Guardian restaurant critic Jay Rayner filed one of his strangest reviews yet yesterday and it's filled with bad fried chicken and legal drama. He set about reviewing Korean-American TV chef Judy Joo's new "glossy Korean restaurant" in London called Jinjuu. Rayner had few nice things to say about the restaurant: It was too loud ("upstairs is a bar with music so loud it vibrates your colon"), the cocktails are cheesy and feature names like "Sake It To Me," and the dishes are "serviceable" but expensive.
Even though the food was far from noteworthy, the real trouble started when Rayner inquired into Joo's background. While she is a TV chef, Joo — who is in the midst of writing a cookbook — boasts on the restaurant's website that she spent two years working for Ramsay. When Rayner reached out to Ramsey's restaurant group to ask about her time spent there, the response was surprisingly hostile: Managing director Stuart Gillies told Rayner that Joo was "only given part-time experience as a gesture of goodwill at Restaurant Gordon Ramsay in the pastry section" and allegedly went on to accuse her of "being economical with the truth" on her website.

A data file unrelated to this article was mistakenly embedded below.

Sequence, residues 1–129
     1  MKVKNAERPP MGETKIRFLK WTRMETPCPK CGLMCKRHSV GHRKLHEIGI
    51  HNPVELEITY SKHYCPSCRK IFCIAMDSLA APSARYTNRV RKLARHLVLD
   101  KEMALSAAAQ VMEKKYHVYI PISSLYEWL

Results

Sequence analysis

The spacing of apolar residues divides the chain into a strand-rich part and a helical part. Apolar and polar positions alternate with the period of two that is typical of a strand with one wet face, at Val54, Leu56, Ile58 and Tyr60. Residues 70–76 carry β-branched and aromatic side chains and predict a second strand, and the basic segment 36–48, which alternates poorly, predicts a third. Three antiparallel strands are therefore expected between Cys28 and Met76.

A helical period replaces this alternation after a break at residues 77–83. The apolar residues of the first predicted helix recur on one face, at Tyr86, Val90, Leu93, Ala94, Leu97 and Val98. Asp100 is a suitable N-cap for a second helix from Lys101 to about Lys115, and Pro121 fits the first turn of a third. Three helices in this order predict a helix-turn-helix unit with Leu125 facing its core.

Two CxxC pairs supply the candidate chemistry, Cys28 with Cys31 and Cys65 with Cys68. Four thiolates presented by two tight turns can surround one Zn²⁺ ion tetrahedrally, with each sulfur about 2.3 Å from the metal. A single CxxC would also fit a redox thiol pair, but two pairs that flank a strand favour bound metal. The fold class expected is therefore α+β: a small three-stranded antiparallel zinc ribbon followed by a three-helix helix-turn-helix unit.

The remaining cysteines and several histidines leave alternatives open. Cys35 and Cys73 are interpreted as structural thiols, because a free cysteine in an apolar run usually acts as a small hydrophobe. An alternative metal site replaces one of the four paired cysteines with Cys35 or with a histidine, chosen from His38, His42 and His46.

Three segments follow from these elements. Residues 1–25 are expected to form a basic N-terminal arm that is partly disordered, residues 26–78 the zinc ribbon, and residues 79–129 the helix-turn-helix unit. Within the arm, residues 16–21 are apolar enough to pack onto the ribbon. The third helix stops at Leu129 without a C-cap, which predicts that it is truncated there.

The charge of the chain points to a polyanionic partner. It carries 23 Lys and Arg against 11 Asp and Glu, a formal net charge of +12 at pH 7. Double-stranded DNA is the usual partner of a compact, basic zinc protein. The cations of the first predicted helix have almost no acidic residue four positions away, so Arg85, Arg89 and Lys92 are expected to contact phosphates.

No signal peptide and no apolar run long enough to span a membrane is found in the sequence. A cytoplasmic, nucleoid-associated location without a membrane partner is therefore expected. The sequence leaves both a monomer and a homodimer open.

When Rayner reached out to Joo about about what Gordon Ramsay Holdings had said, her lawyers sent Rayner a 17-page letter "denying everything" that Gillies claimed. The letter detailed the time she spent as many of his restaurants — namely as an unpaid intern — and included "multiple pages of testimonials" from chefs who worked with her during that time. Rayner writes that he asked Joo multiple times for a face-to-face interview to ask why Gordon Ramsay Holdings might be so angry with her, but instead her lawyers accused Rayner of intimidating her because he asked "all these question" and costing her "a lot of money in legal expenses." Rayner alleges that the lawyers even told him that it would be "inappropriate" for him to review the restaurant.
But that didn't stop Rayner, who writes that overall, Jinjuu is simply "OK." He notes that there are far better places in London for Korean food that "use similar ingredients more effectively," charge less money, and "don't send out legal letters." Rayner writes that "right now the only people really making money out of Jinjuu are the lawyers."